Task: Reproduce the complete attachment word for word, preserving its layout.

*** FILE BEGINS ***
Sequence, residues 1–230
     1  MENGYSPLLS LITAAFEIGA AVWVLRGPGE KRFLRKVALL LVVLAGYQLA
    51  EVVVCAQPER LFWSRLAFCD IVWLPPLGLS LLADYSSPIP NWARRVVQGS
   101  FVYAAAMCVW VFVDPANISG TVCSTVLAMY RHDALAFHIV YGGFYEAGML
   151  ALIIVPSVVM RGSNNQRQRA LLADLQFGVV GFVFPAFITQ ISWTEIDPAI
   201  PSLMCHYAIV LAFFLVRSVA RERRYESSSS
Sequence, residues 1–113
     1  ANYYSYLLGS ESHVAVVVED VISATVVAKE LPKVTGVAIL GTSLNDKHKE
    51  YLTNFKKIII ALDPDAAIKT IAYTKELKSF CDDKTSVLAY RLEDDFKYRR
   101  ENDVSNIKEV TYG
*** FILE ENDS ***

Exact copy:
Sequence, residues 1–230
     1  MENGYSPLLS LITAAFEIGA AVWVLRGPGE KRFLRKVALL LVVLAGYQLA
    51  EVVVCAQPER LFWSRLAFCD IVWLPPLGLS LLADYSSPIP NWARRVVQGS
   101  FVYAAAMCVW VFVDPANISG TVCSTVLAMY RHDALAFHIV YGGFYEAGML
   151  ALIIVPSVVM RGSNNQRQRA LLADLQFGVV GFVFPAFITQ ISWTEIDPAI
   201  PSLMCHYAIV LAFFLVRSVA RERRYESSSS
Sequence, residues 1–113
     1  ANYYSYLLGS ESHVAVVVED VISATVVAKE LPKVTGVAIL GTSLNDKHKE
    51  YLTNFKKIII ALDPDAAIKT IAYTKELKSF CDDKTSVLAY RLEDDFKYRR
   101  ENDVSNIKEV TYG